Our sense of touch can contribute to our ability to perceive faces, according to new research published in Psychological Science, a journal of the Association for Psychological Science.
In a series of studies, Matsumiya took advantage of a phenomenon called the “face aftereffect” to investigate whether our visual system responds to nonvisual signals for processing faces. In the face aftereffect, we adapt to a face with a particular expression – happiness, for example – which causes us to perceive a subsequent neutral face as having the opposite facial expression (i.e., sadness).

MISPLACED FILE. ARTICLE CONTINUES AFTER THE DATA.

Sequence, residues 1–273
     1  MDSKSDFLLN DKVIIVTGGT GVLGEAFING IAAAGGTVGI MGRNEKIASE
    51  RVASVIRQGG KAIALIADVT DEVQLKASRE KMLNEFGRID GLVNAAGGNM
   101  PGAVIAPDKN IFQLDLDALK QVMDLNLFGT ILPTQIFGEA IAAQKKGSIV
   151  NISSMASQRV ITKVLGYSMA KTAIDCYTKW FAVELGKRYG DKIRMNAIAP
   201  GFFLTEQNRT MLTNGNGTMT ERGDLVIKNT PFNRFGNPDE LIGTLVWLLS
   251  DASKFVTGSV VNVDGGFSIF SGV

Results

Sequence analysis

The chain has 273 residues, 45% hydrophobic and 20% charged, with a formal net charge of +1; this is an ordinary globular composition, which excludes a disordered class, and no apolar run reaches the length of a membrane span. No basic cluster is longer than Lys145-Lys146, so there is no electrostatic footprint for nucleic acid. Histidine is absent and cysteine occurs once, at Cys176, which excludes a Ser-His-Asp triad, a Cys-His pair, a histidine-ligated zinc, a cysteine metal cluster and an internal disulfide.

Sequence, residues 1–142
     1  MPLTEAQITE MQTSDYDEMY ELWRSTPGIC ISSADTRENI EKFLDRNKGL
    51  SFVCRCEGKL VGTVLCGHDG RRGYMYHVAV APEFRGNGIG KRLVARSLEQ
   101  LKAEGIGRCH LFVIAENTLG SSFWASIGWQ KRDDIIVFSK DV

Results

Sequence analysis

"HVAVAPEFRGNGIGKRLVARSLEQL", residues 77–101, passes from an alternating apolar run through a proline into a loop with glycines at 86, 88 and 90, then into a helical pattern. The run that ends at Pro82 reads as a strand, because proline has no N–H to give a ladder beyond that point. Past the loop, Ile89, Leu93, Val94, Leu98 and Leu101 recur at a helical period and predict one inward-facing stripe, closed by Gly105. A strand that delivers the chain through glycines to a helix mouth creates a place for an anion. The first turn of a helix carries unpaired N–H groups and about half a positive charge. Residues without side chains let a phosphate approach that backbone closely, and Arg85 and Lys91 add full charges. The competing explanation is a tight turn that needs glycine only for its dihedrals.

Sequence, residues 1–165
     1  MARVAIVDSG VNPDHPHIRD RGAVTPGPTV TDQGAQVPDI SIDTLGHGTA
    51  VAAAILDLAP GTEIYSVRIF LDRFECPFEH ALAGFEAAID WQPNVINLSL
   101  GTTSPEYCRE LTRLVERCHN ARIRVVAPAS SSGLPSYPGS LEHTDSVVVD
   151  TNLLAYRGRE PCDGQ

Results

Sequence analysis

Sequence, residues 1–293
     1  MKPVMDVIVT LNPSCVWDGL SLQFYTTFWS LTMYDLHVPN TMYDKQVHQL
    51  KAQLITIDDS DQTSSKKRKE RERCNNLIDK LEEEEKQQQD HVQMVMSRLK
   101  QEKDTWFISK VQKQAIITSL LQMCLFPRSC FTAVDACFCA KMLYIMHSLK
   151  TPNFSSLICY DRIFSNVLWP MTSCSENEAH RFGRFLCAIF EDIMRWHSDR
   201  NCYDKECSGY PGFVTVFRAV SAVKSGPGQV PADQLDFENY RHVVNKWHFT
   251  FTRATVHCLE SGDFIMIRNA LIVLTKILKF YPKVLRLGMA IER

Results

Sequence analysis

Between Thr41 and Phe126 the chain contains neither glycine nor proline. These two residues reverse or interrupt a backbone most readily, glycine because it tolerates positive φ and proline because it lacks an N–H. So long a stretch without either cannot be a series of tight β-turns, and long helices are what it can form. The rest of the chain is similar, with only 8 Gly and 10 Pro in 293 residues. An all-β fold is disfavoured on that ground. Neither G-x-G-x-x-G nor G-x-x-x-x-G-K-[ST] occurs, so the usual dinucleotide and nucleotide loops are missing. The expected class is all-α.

Matsumiya hypothesized that if the visual system really does respond to signals from another modality, then we should see evidence for face aftereffects from one modality to the other. So, adaptation to a face that is explored by touch….
Source: Medical Xpress